BRASILIA, July 19 U.S. Vice President Joe Biden
called Brazilian President Dilma Rousseff on Friday to try to
smooth tensions caused by allegations that the United States
spied on Brazilian Internet communications, Rousseff's office
Latin America's largest nation has said Washington's
explanations about the National Security Agency's secret
surveillance programs have been unsatisfactory.
"He lamented the negative repercussions in Brazil and
reiterated the U.S. government's willingness to provide more
information on the matter," Rousseff's communications minister,
Helena Chagas, told reporters after the 25-minute telephone
Biden repeated an invitation for Brazil to send a delegation
to the United States to obtain more technical and political
details on the case, Chagas said. She said Brazil accepted the
proposal but has not decided who will go or when.
Brazilian newspaper O Globo reported earlier this month the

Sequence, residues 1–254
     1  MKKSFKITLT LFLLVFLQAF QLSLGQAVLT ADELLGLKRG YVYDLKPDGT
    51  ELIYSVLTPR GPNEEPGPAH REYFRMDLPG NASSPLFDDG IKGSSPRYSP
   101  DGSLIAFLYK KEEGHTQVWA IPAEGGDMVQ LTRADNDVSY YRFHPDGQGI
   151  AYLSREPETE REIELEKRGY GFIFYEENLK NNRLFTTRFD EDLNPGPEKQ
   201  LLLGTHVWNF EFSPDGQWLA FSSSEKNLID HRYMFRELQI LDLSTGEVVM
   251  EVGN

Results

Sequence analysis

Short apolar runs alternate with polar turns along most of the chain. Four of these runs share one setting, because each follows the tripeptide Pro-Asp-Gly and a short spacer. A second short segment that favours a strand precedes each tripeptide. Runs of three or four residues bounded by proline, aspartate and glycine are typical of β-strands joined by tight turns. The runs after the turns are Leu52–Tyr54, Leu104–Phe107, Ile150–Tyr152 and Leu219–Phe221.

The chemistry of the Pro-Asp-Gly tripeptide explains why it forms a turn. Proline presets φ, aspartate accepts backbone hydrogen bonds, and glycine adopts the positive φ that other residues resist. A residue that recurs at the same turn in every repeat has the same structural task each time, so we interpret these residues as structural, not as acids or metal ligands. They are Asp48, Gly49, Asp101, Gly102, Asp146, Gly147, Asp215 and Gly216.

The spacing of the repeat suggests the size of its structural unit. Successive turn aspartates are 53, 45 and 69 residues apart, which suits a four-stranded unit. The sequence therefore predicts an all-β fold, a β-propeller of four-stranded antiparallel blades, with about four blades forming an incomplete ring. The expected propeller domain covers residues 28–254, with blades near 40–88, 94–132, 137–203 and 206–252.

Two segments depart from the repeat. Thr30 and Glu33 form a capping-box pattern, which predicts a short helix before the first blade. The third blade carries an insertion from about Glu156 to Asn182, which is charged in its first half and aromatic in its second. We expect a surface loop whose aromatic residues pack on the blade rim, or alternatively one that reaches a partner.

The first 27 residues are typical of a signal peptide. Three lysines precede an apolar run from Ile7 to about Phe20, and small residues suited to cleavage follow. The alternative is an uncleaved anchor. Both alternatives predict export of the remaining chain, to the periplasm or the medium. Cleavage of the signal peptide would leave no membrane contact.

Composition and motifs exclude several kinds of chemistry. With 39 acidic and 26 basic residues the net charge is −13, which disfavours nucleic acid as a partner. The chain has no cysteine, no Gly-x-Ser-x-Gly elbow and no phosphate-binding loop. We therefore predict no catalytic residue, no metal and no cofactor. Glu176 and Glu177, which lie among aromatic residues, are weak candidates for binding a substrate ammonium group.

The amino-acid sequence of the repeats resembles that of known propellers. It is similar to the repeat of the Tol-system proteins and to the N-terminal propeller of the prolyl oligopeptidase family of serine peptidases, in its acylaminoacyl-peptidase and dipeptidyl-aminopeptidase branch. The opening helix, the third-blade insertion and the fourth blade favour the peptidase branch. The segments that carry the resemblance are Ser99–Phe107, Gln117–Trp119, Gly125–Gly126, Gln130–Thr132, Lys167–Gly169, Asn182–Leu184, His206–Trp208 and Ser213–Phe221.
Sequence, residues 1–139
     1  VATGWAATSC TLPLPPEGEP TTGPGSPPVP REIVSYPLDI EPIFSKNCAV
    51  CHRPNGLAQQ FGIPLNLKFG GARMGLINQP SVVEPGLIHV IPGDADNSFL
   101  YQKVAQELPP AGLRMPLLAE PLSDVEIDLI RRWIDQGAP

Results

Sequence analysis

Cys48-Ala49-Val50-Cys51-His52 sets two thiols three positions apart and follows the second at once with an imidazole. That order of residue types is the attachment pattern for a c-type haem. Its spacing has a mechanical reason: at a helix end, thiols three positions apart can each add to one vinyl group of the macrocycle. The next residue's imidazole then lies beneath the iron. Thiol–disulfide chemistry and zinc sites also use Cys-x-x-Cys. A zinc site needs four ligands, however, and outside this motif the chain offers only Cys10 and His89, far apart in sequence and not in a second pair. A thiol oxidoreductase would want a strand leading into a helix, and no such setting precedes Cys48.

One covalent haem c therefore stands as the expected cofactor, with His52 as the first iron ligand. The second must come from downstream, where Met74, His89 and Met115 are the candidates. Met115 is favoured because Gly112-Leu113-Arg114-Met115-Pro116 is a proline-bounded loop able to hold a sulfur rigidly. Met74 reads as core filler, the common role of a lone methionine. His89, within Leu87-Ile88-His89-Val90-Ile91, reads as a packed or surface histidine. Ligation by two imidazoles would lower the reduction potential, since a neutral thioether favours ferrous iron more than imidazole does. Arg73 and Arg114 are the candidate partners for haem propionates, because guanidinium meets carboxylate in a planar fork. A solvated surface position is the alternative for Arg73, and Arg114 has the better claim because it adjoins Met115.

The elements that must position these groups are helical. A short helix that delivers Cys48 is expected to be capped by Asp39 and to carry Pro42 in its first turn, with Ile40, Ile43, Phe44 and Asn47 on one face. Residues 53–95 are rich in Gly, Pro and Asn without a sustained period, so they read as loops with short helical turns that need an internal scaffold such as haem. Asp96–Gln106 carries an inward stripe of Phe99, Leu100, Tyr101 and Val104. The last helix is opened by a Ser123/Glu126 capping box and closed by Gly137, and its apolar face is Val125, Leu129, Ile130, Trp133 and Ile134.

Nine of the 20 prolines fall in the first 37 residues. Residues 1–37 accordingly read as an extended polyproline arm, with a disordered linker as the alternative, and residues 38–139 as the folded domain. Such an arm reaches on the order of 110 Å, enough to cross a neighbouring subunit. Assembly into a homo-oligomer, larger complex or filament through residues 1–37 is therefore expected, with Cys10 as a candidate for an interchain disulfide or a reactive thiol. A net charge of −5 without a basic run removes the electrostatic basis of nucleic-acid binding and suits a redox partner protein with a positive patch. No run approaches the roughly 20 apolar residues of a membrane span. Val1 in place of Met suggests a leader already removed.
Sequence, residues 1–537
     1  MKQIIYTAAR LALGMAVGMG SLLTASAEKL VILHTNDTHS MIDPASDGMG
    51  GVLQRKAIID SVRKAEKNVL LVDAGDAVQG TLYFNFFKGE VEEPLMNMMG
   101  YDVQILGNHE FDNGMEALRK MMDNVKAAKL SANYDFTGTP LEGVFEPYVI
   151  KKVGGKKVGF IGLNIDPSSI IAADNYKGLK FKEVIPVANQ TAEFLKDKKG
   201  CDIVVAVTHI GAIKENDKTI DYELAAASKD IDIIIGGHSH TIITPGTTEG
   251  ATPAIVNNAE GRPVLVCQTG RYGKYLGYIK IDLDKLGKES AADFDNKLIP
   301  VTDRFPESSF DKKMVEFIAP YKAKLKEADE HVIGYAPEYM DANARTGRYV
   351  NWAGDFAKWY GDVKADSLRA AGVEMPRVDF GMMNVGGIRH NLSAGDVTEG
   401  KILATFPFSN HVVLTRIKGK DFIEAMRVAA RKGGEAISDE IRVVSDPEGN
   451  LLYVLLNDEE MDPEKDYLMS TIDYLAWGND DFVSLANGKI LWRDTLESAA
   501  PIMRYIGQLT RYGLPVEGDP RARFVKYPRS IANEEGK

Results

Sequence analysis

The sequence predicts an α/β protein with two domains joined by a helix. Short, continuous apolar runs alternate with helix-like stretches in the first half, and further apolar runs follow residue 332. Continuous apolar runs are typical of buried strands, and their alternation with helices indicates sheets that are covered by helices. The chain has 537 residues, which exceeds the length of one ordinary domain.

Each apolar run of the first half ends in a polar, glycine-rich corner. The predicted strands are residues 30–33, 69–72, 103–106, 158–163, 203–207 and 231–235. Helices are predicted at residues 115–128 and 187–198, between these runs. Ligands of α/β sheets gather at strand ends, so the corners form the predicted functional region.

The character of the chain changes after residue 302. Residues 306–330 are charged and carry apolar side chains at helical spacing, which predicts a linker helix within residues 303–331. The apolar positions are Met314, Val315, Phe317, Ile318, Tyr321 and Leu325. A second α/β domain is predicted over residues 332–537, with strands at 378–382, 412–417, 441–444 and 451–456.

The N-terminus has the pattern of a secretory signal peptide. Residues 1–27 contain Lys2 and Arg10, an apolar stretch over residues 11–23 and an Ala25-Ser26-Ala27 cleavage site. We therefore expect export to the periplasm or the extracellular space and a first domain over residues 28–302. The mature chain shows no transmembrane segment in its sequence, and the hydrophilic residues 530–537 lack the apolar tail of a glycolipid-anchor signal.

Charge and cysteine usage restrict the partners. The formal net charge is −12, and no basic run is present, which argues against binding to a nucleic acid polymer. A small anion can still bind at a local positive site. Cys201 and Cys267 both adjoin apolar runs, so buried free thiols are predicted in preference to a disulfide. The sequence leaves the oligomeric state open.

NSA targeted Latin American countries with spying programs that
can monitor billions of emails and phone calls for suspicious
activity, citing documents leaked by Edward Snowden, a fugitive
former U.S. intelligence contractor.
Latin American countries fumed at what they considered a
violation of their sovereignty and demanded explanations and an
The American ambassador in Brazil, Thomas Shannon,
acknowledged that the United States collects large amounts of
data on email traffic but does not access the content of
messages or conduct the monitoring on Brazilian territory. He
said the reports did not paint an accurate picture of U.S.
In Brazil, the United States' largest trading partner in
South America, angry senators questioned a state visit Rousseff
plans to make to Washington in October and a billion-dollar
purchase of U.S.-made fighter jets Brazil has been considering.
Rousseff told Biden her visit is still on and she hoped the
spying matter will be cleared up by then, Chagas said.
"The privacy of citizens and the sovereignty of countries
cannot be infringed in the name of security," Rousseff said to
Biden, according to her minister.
(Reporting by Nestor Rabello; Writing by Anthony Boadle;
Editing by Doina Chiacu)